The term cloud computing itself can be confusing, as it was coined after the establishment of one of its key components, software-as-a service (SaaS). Research group Gartner's definition is of a style of computing where massively scalable solutions are provided as a service using Internet technologies.
Cloud computing comes in three main formats:
Infrastructure-as-a-service provides basic access to server hardware, storage and bandwidth. This is akin to the common model of outsourced applications hosting.
The next level is platform-as-a-service, which may also provide the basic operating software, as well as some add-on services such as database access, user interface, message queues, application servers and possibly a payment service.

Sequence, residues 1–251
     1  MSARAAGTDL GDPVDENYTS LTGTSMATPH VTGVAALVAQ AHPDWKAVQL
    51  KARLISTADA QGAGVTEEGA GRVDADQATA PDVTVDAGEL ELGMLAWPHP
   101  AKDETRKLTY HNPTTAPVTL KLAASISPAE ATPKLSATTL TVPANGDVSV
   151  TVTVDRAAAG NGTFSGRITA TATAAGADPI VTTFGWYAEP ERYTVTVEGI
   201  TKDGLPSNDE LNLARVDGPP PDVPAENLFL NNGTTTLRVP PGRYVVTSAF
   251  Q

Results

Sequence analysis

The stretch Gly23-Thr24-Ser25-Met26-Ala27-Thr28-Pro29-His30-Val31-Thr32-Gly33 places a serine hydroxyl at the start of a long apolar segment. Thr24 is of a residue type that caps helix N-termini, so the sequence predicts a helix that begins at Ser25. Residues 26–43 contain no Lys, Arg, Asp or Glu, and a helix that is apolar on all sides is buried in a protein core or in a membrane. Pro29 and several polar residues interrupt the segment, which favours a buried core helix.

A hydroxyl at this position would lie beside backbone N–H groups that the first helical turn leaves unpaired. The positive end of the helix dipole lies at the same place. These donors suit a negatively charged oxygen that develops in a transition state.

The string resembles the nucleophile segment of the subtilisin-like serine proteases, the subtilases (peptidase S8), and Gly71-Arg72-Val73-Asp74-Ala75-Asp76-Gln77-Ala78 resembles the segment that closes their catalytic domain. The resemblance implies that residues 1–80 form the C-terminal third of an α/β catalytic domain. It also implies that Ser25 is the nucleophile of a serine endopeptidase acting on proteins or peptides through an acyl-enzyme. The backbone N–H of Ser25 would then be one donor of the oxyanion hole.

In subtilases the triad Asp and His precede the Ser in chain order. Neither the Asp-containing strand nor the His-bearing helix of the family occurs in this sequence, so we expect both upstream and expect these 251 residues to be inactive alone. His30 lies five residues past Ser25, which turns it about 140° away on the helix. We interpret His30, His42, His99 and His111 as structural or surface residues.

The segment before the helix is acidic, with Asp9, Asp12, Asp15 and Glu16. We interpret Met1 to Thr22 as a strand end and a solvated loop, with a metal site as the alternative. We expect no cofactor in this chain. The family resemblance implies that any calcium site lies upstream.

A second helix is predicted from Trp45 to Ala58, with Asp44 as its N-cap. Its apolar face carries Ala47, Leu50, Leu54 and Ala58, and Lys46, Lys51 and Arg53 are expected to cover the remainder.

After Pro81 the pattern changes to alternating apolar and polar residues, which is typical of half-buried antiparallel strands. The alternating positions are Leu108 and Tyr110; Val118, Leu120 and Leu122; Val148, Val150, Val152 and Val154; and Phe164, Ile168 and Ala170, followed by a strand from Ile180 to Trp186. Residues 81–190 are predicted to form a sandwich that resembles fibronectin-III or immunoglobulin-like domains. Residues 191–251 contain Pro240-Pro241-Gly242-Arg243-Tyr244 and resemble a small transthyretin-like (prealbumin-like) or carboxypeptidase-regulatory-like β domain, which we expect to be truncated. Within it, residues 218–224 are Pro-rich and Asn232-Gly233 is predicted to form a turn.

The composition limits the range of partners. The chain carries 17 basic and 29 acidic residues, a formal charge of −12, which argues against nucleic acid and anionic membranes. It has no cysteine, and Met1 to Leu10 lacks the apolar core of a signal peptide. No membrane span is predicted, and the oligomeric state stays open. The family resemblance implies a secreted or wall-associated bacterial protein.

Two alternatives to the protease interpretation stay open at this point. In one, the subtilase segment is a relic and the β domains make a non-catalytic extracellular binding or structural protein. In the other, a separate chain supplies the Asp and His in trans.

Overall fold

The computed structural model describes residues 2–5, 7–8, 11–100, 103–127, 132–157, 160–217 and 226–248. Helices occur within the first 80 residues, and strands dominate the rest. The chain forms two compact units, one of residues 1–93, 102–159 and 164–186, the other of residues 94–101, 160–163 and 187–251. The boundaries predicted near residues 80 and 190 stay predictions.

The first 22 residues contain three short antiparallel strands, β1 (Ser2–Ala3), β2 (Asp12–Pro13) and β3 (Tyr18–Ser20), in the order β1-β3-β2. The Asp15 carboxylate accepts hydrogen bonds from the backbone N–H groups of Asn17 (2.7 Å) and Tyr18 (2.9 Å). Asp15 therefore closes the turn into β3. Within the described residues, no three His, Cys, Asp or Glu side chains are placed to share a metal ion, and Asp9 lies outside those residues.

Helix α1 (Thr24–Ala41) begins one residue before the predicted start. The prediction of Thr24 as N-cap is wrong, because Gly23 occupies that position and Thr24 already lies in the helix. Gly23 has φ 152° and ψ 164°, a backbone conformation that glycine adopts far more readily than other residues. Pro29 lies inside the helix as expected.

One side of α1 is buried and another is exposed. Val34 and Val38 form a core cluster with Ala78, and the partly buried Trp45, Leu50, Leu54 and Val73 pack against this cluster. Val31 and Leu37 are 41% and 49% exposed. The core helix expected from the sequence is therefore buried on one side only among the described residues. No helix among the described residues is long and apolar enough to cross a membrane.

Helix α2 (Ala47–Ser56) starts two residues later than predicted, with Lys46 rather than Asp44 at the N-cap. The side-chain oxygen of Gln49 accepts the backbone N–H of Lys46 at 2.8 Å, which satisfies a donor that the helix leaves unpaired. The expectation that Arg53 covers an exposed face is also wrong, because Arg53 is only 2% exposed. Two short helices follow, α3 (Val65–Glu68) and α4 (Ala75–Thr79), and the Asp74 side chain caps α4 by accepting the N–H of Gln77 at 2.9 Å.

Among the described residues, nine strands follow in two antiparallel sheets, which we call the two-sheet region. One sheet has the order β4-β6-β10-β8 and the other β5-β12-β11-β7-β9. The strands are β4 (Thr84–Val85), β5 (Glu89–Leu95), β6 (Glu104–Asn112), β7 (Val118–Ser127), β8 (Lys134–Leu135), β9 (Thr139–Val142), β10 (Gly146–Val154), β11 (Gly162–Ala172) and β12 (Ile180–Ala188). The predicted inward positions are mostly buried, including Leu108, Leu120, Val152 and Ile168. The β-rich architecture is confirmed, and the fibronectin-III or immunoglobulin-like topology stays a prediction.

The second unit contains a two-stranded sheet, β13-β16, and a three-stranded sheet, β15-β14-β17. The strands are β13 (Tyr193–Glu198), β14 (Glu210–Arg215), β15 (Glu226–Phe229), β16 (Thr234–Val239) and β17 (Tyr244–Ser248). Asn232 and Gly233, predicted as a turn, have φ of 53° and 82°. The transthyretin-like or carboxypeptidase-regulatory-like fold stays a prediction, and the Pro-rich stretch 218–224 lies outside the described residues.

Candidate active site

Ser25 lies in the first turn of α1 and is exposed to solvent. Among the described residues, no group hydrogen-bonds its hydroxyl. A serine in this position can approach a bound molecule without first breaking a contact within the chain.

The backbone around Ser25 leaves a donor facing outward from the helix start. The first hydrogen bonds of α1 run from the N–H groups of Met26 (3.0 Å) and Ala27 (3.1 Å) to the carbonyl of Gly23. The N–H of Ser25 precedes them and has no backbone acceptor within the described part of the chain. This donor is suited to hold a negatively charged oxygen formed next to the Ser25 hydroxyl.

This model is designed for companies that wish to host their own software and make it available to users, sometimes on a commercial basis. There are entire software businesses that are now run in this way, without ever selling packaged software.
The third model is software-as-a-service (SaaS), and provides customers with access to complete software applications, which are often integrated with others to provide greater functionality for the customer.
A final layer is one that actually offers workers as part of its service, such as Amazon's Mechanical Turk, which gives businesses access to an on-demand, scalable workforce, or TopCoder, which offers a service for writing computer code as a cloud service, backed by 200,000 independent software coders who bid for work. -- B Howarth
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